Everything happened so quickly that May morning in Lebanon. Mouad S. was heading into the northern Lebanese city of Tripoli and he had deliberately passed through the nearby military checkpoint on foot. "Up until now, the Lebanese military had only been arresting Syrians on motorbikes or in cars," the 25-year-old Syrian, who doesn't want to share his real name, explained. He was soon to learn better.
Mouad was arrested because he had no valid papers on him. Those who arrested him drove Mouad to another checkpoint, where he stayed the night. The next morning he was handed over to a group of men who drove him to the Syrian-Lebanese border, where they locked him in a building.
"I didn't know who these men were, or who [which organization] they belonged to. They kept saying they wanted to deport me to Syria," he told DW.
Held for ransom?
After over a decade of civil war, the Syrian government, which has been accused of crimes against humanity and many war crimes, controls around 70% of the country. It's been suggested that Syrian returnees, who fear their government taking revenge on them for taking part in anti-government protests, would return to parts of the country still controlled by the opposition.
But these men threatened to send Mouad back into territory controlled by the Syrian government. "I was very scared," Mouad says, "because I don't know what I would face in Syria."
However three days later, he was free, thanks to $550 (€466) paid to the men holding him. Mouad was then allowed to resume his journey into Tripoli. His brother had sold a mobile phone and used his savings to pay the men. It was money the family could scarcely afford to part with.
To this day, Mouad doesn't know who the men were, whether they were people smugglers, a militia or something else entirely. "I only know that they are playing with our lives and our security, and they are clearly making money doing that," he told DW.
Increasing pressure on Syrians in Lebanon
Mouad is not the only Syrian in Lebanon with such concerns. For months now, many Syrians in Lebanon have been living in fear of deportation. Over recent years, Lebanese authorities have regularly deported Syrians using a regulation that says if they entered the country without legal permission after April 2019, they can be forced to go back. More recently, as Lebanon's economic crisis has deepened, local authorities have been cracking down even harder on Syrian refugees. This has caused a sense of panic.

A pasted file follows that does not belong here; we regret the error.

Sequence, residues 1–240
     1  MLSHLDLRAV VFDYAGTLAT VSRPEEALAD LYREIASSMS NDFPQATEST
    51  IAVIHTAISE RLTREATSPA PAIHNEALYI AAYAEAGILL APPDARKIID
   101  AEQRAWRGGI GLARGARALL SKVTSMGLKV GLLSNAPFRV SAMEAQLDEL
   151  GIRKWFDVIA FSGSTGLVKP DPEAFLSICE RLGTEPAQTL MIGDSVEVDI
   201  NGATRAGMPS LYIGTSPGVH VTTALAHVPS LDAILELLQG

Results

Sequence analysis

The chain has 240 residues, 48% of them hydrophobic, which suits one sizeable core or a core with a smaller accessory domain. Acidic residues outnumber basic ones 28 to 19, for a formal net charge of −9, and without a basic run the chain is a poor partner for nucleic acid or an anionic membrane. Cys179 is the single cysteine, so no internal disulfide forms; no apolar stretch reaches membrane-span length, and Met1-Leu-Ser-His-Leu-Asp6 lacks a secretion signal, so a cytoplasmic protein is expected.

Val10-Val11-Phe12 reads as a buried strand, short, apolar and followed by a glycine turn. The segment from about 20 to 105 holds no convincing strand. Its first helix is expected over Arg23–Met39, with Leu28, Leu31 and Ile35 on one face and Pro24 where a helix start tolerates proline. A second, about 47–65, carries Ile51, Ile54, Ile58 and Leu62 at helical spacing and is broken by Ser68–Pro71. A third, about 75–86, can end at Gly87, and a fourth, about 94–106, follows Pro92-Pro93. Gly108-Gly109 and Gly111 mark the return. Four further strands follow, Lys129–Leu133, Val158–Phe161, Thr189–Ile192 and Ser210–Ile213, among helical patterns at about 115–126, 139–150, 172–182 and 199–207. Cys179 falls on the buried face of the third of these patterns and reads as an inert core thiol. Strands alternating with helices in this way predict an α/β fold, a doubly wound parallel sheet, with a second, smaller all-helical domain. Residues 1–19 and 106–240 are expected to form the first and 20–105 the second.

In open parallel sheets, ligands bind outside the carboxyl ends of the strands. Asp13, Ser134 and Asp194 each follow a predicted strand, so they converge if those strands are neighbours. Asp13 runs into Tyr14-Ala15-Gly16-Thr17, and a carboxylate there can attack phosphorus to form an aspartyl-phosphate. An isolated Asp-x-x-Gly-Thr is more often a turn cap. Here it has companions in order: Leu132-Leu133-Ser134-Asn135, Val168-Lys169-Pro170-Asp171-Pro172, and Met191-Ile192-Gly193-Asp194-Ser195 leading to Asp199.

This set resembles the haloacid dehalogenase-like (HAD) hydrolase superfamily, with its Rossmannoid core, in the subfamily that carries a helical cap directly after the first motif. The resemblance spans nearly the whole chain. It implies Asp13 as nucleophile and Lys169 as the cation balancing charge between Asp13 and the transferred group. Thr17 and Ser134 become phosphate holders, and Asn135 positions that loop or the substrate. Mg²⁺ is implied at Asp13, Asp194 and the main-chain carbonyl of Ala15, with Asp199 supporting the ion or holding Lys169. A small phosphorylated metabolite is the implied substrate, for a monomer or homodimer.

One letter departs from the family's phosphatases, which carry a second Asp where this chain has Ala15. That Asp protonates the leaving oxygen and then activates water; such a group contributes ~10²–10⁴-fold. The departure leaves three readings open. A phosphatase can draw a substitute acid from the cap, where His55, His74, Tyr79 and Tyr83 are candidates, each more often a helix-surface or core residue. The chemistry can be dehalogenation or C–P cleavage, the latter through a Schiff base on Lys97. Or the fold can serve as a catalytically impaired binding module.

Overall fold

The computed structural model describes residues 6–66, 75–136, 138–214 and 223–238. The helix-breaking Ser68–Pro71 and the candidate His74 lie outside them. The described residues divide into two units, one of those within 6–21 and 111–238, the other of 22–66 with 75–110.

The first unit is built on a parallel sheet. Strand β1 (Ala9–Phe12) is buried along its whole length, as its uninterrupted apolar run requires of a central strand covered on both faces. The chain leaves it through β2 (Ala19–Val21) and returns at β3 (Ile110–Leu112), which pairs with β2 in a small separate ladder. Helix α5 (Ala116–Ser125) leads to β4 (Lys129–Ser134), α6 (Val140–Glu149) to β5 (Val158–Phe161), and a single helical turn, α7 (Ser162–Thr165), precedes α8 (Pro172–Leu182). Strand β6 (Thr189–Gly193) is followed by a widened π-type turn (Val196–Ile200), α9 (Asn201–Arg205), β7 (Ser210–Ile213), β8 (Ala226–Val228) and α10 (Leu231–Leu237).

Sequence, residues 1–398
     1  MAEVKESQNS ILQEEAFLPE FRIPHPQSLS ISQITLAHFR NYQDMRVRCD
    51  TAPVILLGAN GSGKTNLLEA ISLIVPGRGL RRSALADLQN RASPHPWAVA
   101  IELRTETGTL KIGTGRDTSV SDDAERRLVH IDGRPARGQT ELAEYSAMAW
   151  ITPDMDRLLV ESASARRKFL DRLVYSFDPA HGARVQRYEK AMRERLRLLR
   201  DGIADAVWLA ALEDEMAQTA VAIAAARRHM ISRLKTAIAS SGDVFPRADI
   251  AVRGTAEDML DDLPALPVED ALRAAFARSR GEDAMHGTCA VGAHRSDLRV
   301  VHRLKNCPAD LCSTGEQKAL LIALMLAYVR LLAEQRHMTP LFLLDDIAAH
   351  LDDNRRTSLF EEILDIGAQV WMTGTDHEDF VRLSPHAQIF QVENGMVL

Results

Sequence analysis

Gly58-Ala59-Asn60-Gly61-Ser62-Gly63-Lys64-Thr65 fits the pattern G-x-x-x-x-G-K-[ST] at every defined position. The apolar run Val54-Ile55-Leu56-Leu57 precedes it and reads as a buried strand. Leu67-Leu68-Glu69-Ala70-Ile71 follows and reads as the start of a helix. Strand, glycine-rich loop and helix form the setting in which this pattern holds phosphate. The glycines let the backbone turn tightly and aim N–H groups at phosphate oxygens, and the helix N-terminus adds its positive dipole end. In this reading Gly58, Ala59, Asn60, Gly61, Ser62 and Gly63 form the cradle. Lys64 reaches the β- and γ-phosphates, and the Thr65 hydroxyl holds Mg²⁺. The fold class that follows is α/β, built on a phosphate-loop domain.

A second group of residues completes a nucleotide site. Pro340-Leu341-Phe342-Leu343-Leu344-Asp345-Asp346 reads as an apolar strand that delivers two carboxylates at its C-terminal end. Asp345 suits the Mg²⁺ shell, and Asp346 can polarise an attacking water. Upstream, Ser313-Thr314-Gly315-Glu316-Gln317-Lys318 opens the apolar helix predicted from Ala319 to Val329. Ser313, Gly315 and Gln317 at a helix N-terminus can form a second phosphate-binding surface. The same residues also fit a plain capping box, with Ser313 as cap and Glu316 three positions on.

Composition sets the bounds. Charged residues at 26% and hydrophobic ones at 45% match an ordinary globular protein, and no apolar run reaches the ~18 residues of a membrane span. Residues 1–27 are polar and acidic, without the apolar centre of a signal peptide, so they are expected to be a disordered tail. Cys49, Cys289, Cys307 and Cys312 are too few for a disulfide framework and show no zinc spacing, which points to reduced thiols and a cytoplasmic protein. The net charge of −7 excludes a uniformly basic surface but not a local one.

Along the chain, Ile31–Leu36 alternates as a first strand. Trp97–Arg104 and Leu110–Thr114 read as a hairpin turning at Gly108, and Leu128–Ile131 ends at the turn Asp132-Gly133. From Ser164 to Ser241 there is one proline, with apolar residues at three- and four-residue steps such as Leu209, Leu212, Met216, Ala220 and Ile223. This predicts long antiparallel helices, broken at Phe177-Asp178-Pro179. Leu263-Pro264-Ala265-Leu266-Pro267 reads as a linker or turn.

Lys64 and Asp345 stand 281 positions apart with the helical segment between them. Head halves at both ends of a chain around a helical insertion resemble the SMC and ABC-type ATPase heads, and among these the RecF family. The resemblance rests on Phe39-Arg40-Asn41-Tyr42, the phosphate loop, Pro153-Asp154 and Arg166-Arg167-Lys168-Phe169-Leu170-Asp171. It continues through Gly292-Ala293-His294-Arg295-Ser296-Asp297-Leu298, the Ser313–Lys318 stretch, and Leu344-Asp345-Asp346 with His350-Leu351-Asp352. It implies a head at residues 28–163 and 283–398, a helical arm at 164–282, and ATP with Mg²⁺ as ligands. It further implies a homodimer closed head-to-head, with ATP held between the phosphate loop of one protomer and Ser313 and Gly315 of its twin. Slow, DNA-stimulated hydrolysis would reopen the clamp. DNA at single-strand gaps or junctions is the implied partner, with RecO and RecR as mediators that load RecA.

"Since that happened, I'm always afraid passing a checkpoint," Mouad says. If he can, he now takes long detours for fear of being targeted again.
In recent weeks, the Lebanese army has raided refugee camps and set up checkpoints to verify the papers of non-Lebanese nationals. According to refugees and human rights organizations, including Amnesty International and the Access Center for Human Rights (ACHR), Syrians who didn't have legal residence were arrested and, in many cases, deported. From the start of April until mid-May, the ACHR reports that between 200 and 700 Syrians are thought to have been deported to Syrian regime areas — although they say these numbers could not be verified.
Some Lebanese municipalities have also imposed curfews on Syrian residents. In early May, the Ministry of the Interior instructed local authorities to document every Syrian that moved into their areas. A federation of trade unions recently launched a "National Campaign to Liberate Lebanon from the Syrian Demographic Occupation." And in recent interviews, the current Social Affairs Minister, Hector Hajjar, has warned of "dangerous demographic changes," saying that locals " will become refugees in our own country."
"The mood is extremely tense," confirmed Anna Fleischer, who heads the Heinrich Böll Foundation's office in the Lebanese capital, Beirut. "This anti-Syrian narrative — that has existed in Lebanon for years, due to a long shared history — has escalated." Fleischer is referring to the fact that Syria occupied Lebanon between 1976 to 2005.